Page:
Invincibles This Week: History made as we reach 30

Thierry Henry celebrates scoring against Man Utd in 2004

Each week, we'll reminisce about our incredible Invincible season 20 years on by looking back at what was going on at the club on and off the pitch, as well as remembering key news stories and the pop culture buzz at the time.

Last week, we moved level with the legendary Leeds United and Liverpool sides that went 29 games unbeaten from the start of the campaign. However, our old enemy would stand in our way of creating a new piece of history.

Setting the scene

Manchester United are dejected after conceding a goal

Nine wins in a row had propelled us into a commanding lead at the top of the table, and after drawing 1-1 at Chelsea in the first leg of our Champions League semi-final more big matches loomed on the horizon as we aimed for a famous Treble.

The only team to have achieved that at this point was Manchester United five years previously, who trailed us by 12 points going into this meeting at Highbury. September’s Battle of Old Trafford still loomed large over both teams, who would also face off in an FA Cup semi-final six days after this Premier League clash.

Wenger’s words

Arsene Wenger during training

The gap between the teams surprised Arsene Wenger, but he was not underestimating the Red Devils. “I can tell you that this game has lost none of its usual impact, even if the gap isn't as close as we would have expected it to be at this stage,” he said.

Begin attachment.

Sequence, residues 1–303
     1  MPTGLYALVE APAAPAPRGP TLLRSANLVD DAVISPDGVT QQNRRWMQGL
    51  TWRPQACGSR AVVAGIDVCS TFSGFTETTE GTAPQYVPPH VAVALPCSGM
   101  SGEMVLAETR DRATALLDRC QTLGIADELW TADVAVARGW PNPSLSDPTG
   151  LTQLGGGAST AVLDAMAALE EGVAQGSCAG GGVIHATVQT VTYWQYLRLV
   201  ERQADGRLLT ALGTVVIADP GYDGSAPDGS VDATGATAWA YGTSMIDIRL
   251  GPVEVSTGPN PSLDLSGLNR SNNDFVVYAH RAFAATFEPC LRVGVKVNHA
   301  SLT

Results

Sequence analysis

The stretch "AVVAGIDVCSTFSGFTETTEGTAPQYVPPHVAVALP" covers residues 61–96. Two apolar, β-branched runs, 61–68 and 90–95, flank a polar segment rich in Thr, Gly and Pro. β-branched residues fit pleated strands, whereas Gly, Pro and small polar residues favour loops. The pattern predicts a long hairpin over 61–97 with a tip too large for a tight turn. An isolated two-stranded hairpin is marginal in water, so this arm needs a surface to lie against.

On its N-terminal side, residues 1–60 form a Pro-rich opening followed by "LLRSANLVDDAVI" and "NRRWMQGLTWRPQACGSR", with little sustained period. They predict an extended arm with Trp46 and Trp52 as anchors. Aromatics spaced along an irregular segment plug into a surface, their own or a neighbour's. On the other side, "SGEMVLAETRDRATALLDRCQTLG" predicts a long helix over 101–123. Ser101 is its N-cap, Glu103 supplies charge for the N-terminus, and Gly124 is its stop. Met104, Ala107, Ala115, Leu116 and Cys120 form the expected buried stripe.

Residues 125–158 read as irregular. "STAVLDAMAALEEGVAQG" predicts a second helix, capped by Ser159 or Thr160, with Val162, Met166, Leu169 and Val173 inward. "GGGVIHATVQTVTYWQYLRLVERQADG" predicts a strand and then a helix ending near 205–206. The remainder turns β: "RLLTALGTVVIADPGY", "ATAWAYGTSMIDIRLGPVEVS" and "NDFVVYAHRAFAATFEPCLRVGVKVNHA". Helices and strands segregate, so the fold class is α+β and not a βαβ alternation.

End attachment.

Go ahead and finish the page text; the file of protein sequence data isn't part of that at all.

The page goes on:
“This a vital game for us because we know that our form at Highbury until the end of the season will determine a lot. We take it step by step. First this season we wanted to quality for Europe, then we wanted to guarantee Champions League football and next we want to ensure a top-two finish.

“If we win today I think we will do that. Should we open up a 15-point gap today, then I would say that Manchester United won't catch us this season.”

From the dressing room

Freddie Ljungberg in action against Chelsea in 2004

With both teams facing each other for the first time since tempers flared in our goalless draw in September, Freddie Ljungberg suggested that the incident had galvanised our squad.

“Feelings ran high up at Old Trafford earlier in the season, for various reasons,” he said. “Perhaps we went over the top a little bit after they missed the penalty, I admit we shouldn't have gone that far. The good thing to come out of it though was that we stood up and showed we were together as a team. We have a lot of character here.

“The result was very important for us too, because it was just a few days after we lost 3-0 to Inter Milan. I said at the time that had we lost at Old Trafford it would have been very difficult for us because our confidence would have been down.”

On the pitch

March 28, 2004

Louis Saha struck with five minutes left to deny us victory against Manchester United at Highbury. But despite the Frenchman's equaliser, we set a new record for the most consecutive unbeaten games from the start of a season, as we reached the 30-game mark.

Thierry Henry opened the scoring with a spectacular 30-yard drive soon after half-time before his compatriot, Saha slotted home at the far post with just four minutes left.

There were two changes to the side that had drawn 1-1 at Stamford Bridge in midweek, with
Gael Clichy replacing Ashley Cole, who was still suffering from a knee injury and Jose Antonio Reyes started up front, meaning Dennis Bergkamp dropped to the bench.